Miami Nice, Miami Not-So-Nice
My pad in Miami Beach is ridiculous. The location could not be better, my parents completely set up the place for me before I even got here, and I really can't think of a place I'd rather call home after a long day of stuffing my brain full of molecular biology and genetics. All in all, things are good here. Thus concludes the Miami Nice portion of this entry.
As for not-so-nice, what's the deal with Miami Vice? I think this may have been the worst action movie I have ever seen. In addition to the four people with whom I saw the movie, I don't know a single person who liked it. The action scenes were boring (though some of Michael Mann's shots and scenes are cinematically very nice), there was neither chemistry nor dialogue between the leading men, the love story was completely non-believable and there was absolutely nothing driving the plot to make me actually care about the outcome. It was laughably bad, particularly Colin Farrell's bad American accent, both Foxx's and Farrell's sketch-ball facial hair, and the fact that each was involved in his own shower scene. Why would Michael Mann use two shower scenes??? Also amusing was Colin Farrell bringing his love interest to Havana by boat from Miami for a date. Cuba is close, but it's not that close. Even in a really fast boat.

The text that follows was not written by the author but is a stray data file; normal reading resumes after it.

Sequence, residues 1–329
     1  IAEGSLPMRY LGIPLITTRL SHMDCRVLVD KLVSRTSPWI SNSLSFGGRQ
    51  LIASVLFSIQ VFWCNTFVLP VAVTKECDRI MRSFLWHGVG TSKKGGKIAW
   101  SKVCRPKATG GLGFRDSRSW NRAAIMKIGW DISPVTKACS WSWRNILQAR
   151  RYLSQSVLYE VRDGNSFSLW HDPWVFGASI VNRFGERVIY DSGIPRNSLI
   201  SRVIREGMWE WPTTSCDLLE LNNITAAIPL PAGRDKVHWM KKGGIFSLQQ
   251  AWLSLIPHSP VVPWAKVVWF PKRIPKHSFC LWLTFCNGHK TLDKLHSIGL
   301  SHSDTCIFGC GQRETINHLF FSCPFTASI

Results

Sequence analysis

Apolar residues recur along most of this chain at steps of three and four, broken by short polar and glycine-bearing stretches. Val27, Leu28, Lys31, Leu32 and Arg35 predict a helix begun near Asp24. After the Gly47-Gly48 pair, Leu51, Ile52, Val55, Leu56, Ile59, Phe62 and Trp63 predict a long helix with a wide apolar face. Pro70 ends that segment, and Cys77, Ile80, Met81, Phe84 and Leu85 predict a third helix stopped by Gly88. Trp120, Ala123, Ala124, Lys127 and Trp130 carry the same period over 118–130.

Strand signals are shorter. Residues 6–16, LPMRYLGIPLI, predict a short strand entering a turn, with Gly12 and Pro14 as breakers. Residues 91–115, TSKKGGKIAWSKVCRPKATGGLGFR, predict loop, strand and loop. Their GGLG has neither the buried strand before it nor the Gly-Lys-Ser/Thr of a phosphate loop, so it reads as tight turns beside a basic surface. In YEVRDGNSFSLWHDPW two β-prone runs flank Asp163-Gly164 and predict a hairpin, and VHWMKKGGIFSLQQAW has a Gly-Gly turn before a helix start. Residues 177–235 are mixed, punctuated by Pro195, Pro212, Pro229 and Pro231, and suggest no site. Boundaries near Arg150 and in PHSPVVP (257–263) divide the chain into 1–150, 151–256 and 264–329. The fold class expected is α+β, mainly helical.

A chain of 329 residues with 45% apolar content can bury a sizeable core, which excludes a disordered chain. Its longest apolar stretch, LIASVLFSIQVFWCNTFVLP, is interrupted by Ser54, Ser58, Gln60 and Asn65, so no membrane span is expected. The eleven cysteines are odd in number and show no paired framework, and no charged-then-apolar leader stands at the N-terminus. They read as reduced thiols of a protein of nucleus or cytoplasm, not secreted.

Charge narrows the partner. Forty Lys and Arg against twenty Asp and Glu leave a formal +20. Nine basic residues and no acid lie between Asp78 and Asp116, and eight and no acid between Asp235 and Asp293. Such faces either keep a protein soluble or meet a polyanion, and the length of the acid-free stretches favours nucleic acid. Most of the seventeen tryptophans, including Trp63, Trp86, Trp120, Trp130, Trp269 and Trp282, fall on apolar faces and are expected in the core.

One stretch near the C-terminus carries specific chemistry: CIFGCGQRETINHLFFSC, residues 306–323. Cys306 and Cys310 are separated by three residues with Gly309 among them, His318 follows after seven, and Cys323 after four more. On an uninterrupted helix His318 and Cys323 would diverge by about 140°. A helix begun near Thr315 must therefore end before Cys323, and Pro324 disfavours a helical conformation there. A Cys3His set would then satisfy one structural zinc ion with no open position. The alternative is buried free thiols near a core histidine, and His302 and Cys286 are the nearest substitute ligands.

And the woman we are supposed to believe he is falling in love with is an Asian woman from Cuba. Seriously, how many Asian-Cubans are there? And she speaks terrible English. By far the funniest part of the movie, though, is during a sex scene when we see a closeup of Farrell's face, as he says to her "Hola, chica." To which she replies, "Hola, chico." This is the type of cheesey half-assed dialogue that was all over the place. In the words of the great Tobias Funke, "Douche chill!!!"
Now to the nitty gritty. What I can't figure out is how in the hell this movie got such good reviews: Newsweek, New Yorker, Village Voice, New York Daily News, Boston Globe, Chicago Tribune, Roeper, Time Magazine, New York Times, New York Post, and Rolling Stone all gave good reviews. How is this humanly possible? It's even got a "Rotten" on rottentomatoes.com (which, for the layperson means that its overall rating by laypeople is not good). My only explanation has come down to a conspiracy theory, whereby Universal Pictures paid people off to give it good reviews. I mean, seriously, if you were a studio that put $135 million into a movie that you realized was not that great, wouldn't it be in your best interest, economically speaking, to spend a few grand, or even another million, on getting your movie some sick reviews? Where are my investigative journalists, eh? Someone's got to delve deeper into this...